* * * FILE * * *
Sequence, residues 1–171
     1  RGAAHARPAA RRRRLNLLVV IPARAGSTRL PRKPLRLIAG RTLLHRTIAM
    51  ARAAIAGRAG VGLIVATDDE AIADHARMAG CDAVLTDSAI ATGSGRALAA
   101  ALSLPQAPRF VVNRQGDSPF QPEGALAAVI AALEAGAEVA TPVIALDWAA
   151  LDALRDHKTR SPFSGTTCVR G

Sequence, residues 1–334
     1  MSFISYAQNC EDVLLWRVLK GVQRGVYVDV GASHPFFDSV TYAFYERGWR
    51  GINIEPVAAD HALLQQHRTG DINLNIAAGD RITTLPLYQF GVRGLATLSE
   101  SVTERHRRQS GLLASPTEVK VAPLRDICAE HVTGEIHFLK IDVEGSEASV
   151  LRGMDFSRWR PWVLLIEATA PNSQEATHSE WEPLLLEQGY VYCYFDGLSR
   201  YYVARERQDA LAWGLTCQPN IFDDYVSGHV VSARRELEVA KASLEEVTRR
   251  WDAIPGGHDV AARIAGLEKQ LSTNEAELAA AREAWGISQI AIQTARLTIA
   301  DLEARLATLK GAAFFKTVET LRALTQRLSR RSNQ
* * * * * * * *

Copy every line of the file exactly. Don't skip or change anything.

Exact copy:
Sequence, residues 1–171
     1  RGAAHARPAA RRRRLNLLVV IPARAGSTRL PRKPLRLIAG RTLLHRTIAM
    51  ARAAIAGRAG VGLIVATDDE AIADHARMAG CDAVLTDSAI ATGSGRALAA
   101  ALSLPQAPRF VVNRQGDSPF QPEGALAAVI AALEAGAEVA TPVIALDWAA
   151  LDALRDHKTR SPFSGTTCVR G

Sequence, residues 1–334
     1  MSFISYAQNC EDVLLWRVLK GVQRGVYVDV GASHPFFDSV TYAFYERGWR
    51  GINIEPVAAD HALLQQHRTG DINLNIAAGD RITTLPLYQF GVRGLATLSE
   101  SVTERHRRQS GLLASPTEVK VAPLRDICAE HVTGEIHFLK IDVEGSEASV
   151  LRGMDFSRWR PWVLLIEATA PNSQEATHSE WEPLLLEQGY VYCYFDGLSR
   201  YYVARERQDA LAWGLTCQPN IFDDYVSGHV VSARRELEVA KASLEEVTRR
   251  WDAIPGGHDV AARIAGLEKQ LSTNEAELAA AREAWGISQI AIQTARLTIA
   301  DLEARLATLK GAAFFKTVET LRALTQRLSR RSNQ